We often see complaints — from pundits, journalists and private individuals — that they don’t have sufficient facts to inform a decision on whether or not Britain should leave the European Union. This is curious, since there is a massive amount of information available to those who care to do their own research and form their own conclusions. But it is also true that fundamentally there is only one fact and one judgement which matter.
The fact is that the future is uncertain. Whatever the result of the referendum, we shall never know whether the alternative route which could have been taken would have been better. GDP up or down a bit? Trade deals more or less advantageous? Border control stronger or weaker? Who knows? The fundamental judgement, however, is that managing this uncertainty to the benefit of Britain will be more effective if the British people rather than the Brussels apparatchiks control it.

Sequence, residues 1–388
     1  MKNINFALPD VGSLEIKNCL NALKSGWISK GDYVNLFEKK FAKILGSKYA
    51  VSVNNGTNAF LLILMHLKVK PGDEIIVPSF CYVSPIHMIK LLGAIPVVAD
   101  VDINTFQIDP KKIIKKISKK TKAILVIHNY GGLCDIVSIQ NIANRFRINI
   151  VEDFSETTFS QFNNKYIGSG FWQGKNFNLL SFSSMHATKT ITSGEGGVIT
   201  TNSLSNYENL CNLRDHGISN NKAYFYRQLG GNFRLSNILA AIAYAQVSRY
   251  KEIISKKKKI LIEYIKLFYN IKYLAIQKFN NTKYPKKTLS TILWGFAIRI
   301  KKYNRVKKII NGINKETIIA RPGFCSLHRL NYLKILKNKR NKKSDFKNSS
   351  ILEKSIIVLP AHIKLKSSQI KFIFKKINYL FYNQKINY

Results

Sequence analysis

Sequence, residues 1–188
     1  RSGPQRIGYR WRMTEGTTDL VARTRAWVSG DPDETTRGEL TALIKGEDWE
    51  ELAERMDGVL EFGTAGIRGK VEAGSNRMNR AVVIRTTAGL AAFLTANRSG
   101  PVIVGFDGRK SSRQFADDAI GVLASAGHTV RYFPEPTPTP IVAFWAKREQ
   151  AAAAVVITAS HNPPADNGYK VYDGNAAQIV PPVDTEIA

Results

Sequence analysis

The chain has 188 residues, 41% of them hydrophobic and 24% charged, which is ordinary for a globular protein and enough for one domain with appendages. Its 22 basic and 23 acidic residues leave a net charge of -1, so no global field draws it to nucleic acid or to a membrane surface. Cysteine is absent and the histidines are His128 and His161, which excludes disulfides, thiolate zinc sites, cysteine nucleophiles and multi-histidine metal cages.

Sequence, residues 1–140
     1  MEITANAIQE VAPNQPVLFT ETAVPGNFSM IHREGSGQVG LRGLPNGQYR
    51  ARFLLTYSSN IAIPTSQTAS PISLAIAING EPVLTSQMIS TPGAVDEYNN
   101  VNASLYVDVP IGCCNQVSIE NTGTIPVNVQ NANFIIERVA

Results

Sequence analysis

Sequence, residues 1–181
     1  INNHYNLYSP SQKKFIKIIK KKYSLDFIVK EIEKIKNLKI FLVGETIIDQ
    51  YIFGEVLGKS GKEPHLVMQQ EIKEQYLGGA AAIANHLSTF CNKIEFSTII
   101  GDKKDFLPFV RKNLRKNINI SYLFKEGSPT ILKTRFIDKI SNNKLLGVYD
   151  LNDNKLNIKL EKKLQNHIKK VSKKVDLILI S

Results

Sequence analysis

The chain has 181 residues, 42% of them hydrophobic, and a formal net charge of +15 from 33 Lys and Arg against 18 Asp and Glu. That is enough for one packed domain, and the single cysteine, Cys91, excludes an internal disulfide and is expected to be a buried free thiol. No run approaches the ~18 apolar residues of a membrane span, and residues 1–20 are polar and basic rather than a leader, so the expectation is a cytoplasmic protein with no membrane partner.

There’s a great deal of research about the interaction of rationality and emotion in decision-making. In routine, everyday decisions, it makes sense to use rational evaluation. But in the big decisions, emotions should and do carry the day. Do you want to be governed by unelected bureaucrats in Brussels or — despite their many faults — by your own elected representatives? Simple, no?
*Apparently, Joe Friday never actually said this line in Dragnet.